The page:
FIFA World Cup final preview: Favoured France takes on courageous Croatia
France are widely considered favourites to pick up their second World Cup title after their 1998 triumph on home soil, but dark horses Croatia will be motivated by the prospect of accomplishing the greatest sporting achievement in the country’s young life.
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Here’s a look at the two teams, their routes to the final, and their key players:
France came into the World Cup with arguably the strongest squad on paper, but there were doubts over whether coach Didier Deschamps would be able to get the best out of the numerous individual talents at his disposal.
But after lumbering through the group stages without really impressing, France began to step up their performances in the knockout rounds, eliminating Lionel Messi’s Argentina with a 4-3 victory in the Round of 16, before earning a comfortable 2-0 victory over Uruguay in the quarterfinals. They then dispatched a talented Belgium team 1-0 in the semifinal on the back of a solid defensive performance.
France’s most eye-catching player is teenage striking sensation Kylian Mbappe, whose searing pace has been compared to that of Usain Bolt — the forward famously unleashed a seven-second, 70-meter sprint against Argentina in the Round of 16.
English Premier League midfielders N’Golo Kante and Paul Pogba have been excellent in the middle of the park, while Real Madrid defender Raphael Varane has led the defensive line.
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Coach Deschamps was captain when the team won the World Cup in 1998; Les Bleus, as they are known, also made the 2006 World Cup final, but lost to Italy in a match remembered for legendary playmaker Zinedine Zidane’s ejection for head-butting an opponent.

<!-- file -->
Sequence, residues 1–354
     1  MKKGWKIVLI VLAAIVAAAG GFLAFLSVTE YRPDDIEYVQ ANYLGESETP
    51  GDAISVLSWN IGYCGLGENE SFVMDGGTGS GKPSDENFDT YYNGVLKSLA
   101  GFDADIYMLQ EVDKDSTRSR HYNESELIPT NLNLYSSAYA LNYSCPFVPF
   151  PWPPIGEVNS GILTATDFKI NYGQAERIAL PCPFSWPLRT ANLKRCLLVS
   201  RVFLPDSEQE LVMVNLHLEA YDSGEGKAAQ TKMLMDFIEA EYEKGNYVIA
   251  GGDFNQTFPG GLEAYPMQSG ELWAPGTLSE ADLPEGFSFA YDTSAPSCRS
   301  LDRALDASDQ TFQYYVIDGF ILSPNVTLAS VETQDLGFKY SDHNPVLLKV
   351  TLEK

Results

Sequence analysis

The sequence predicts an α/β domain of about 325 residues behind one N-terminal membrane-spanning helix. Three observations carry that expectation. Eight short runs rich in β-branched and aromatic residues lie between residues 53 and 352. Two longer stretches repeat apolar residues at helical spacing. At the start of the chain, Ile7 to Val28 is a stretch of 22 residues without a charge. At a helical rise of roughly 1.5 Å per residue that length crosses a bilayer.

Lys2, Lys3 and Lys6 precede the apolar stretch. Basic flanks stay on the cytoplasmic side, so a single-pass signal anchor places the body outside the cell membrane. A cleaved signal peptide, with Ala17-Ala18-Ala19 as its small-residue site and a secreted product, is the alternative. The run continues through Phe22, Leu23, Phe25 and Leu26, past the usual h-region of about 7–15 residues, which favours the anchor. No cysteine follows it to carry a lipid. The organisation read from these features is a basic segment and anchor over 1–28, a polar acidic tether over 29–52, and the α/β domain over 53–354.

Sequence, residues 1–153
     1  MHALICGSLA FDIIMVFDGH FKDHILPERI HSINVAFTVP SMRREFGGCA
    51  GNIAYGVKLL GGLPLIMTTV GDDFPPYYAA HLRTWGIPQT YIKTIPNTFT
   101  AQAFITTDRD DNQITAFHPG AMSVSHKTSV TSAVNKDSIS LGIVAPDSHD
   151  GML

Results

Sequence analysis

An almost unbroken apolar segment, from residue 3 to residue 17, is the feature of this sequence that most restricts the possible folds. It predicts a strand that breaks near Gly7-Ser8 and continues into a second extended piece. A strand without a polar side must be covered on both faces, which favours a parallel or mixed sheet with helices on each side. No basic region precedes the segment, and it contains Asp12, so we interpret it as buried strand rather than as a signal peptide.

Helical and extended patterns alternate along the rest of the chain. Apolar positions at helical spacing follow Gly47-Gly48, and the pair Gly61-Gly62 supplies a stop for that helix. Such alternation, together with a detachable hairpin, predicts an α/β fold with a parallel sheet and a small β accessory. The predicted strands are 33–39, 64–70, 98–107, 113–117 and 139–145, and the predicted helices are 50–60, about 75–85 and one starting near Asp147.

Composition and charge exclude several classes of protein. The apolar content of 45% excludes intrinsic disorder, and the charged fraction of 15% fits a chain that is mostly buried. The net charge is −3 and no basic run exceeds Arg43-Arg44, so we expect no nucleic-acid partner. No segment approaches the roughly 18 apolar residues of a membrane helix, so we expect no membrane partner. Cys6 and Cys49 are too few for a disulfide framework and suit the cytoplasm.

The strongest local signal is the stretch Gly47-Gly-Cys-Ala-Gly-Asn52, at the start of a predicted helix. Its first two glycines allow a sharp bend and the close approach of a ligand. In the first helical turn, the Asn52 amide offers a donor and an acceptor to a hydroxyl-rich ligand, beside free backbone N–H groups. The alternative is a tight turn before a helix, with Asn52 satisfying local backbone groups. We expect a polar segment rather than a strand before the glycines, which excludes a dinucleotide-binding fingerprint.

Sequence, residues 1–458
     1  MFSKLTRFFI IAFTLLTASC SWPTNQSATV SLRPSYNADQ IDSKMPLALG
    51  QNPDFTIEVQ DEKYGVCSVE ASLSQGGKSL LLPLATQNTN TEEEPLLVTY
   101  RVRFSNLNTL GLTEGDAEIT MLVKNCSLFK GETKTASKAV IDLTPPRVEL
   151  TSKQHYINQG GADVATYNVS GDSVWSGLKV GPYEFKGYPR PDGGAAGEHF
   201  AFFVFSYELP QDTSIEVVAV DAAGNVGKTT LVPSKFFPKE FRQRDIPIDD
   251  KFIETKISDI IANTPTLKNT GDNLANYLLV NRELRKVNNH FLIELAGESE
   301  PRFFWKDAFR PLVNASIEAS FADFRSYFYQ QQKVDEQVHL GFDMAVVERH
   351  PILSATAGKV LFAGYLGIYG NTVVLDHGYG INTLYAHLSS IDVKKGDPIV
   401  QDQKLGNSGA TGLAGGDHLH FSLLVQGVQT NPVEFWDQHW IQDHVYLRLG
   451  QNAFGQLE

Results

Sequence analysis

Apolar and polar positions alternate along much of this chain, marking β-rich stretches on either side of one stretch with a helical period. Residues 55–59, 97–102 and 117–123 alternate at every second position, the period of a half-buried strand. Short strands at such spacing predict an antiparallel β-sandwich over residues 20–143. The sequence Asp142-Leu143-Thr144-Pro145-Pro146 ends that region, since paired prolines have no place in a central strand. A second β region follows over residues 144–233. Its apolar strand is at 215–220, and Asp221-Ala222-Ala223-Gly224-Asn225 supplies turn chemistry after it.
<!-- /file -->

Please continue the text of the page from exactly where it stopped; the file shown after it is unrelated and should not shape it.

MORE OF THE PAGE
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Deschamps said his team have evolved since their disappointing defeat to Portugal in the final of the 2016 European Championships, although he conceded his squad was a youthful one.
“The 14 players I have integrated since the Euro final, they have only learned what playing a big tournament is all about here in Russia, so of course the experience is less but the quality is there,” he said.
“Croatia has players with great club experience and their squad has been together for a long time, but every team we’ve faced here has been more experienced.”
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This will be Croatia’s first appearance at a World Cup final. Their previous best was making the semifinals in 1998 only to lose to eventual champions France.
Croatia have made it to the final the hard way — they nearly failed to qualify for the World Cup at all, needing a late play-off win over Greece.
Once they made it to the World Cup, they were pitted against Argentina, Nigeria and Iceland in what was widely regarded as the most competitive group in the opening stages. They managed to finish top of the group, with a dominant 3-0 victory over Argentina the highlight.
In the meantime, they had cope with the loss of striker Nikola Kalinic, who was booted out of the squad after refusing to come on as a late substitute in Croatia’s first game against Nigeria.
The knock-out rounds proved to be a struggle, with Croatia edging out Denmark and Russia on penalty shootouts, before coming from behind to defeat England 2-1 in extra-time in the semi-final.
With three extra-time matches in a row, Croatia have effectively played one whole match more than France have, and also go into the final with one less rest day.
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Captain Luka Modric has been hailed as one of the best players of the tournament, and the Real Madrid star’s midfield partnership with Barcelona man Ivan Rakitic is crucial to Croatia’s hopes of springing an upset over France.
The technically gifted Modric’s midfield battle with France’s defensive midfielder Kante is one of the most highly anticipated head-to-head match-ups ahead of the final.
But it hasn’t been all about midfield play for the Croatians at this World Cup. Goalkeeper Danijel Subasic has made several crucial saves in the tournament, while forward Mario Mandzukic has offered energy and physicality up top.
Coach Zlatko Dalic described the match as a “seismic event,” saying he didn’t care that his team were considered underdogs.
“I do not give much thought to statistics and tradition and to head-to-head,” Dalic said. “Traditions are there to be demolished.”
— With files from Reuters
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